Excuse the bland photo - I seem to live somewhere between fluorescent-ville and dark-snowstorm land when it comes to lighting these days, but I wanted you to see that I am working away at a matching Mall Hat.
So when the snow days happen, I do not get to sleep late - I still must be up at 5:30am to check the train schedules and, thus, walk the puppy (since my alarm and shuffling around wakes him too) and feed him and do all the stuff that someone has to do when the day begins so very early.
On snow days, when I get to work from home, I allow myself to indulge in one of my greatest talents: my mad multi-tasking skills.
Yesterday, I replied to 78 emails. I fixed up someone else's sloppy PowerPoint presentation, edited preliminary department details on a project budget, listened to three conference calls and a venting coworker...all while knitknitknitting away on The Mall Hat.
I can't do that at the office. The others, those non-knitters, they don't understand the multi-tasking. They cannot grasp that a stitch, once mastered over the course of hundreds of thousands of repetitions, no longer distracts from other responsibilities. I can knit and watch TV, knit and participate in a deep and meaningful conversation (anything ranging from bereft boyfriend dilemmas to world politics). I can knit and read (YAY Kindle!). And I can certainly knit while working.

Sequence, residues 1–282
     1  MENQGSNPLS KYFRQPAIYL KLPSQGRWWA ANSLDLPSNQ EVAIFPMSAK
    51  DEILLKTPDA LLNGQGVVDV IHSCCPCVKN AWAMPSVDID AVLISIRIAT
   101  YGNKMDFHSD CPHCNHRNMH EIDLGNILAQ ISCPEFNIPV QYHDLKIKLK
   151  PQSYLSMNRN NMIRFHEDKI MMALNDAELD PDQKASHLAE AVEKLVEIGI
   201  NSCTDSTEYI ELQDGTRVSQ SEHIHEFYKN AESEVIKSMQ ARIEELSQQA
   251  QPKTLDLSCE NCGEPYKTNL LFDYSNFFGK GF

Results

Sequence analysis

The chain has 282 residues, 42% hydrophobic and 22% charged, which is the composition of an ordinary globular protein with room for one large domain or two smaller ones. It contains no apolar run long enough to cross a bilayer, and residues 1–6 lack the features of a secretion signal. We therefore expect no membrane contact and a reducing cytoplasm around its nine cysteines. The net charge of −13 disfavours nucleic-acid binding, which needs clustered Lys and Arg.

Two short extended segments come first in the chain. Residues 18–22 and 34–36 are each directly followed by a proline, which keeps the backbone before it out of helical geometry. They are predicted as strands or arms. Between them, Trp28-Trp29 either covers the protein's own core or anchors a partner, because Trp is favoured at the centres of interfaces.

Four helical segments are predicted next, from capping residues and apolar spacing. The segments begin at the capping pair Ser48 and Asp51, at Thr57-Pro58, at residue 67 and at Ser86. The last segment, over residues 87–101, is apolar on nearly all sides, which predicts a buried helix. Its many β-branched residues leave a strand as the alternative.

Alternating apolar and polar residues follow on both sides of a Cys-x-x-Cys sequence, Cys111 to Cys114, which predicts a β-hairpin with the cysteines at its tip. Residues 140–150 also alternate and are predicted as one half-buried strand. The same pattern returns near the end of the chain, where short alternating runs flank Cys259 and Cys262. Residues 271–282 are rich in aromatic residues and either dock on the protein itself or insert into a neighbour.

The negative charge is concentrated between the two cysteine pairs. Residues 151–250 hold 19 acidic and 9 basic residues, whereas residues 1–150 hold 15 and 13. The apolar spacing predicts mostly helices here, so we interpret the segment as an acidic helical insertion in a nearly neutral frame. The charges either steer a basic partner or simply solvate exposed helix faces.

But it looks just wrong in my profession. I must appear wide-eyed and enraptured by Every Word. So never do I pick up the knitting on site. During long meetings, my hands hang forlorn and empty at my sides, or - if frantic for duty - they thrumb and pump on the keys of my Blackberry (an acceptable form of multitasking, since I still seem hard at work).
But when I work from home, no one can see me. They don't know or care that I'm barefoot, wearing my pajamas with a puppy in my lap and hands full of wool, sniffing the fresh bread baking away in the oven.
I like it that way.
Also, yesterday, we took little Doolin for his neutering. He came home with us none the worse for wear. The only real setback (as I see it) is that we can't bathe the dirty little snow-dog for a week.
However, someone's face and feet will be getting a sponge bath soon.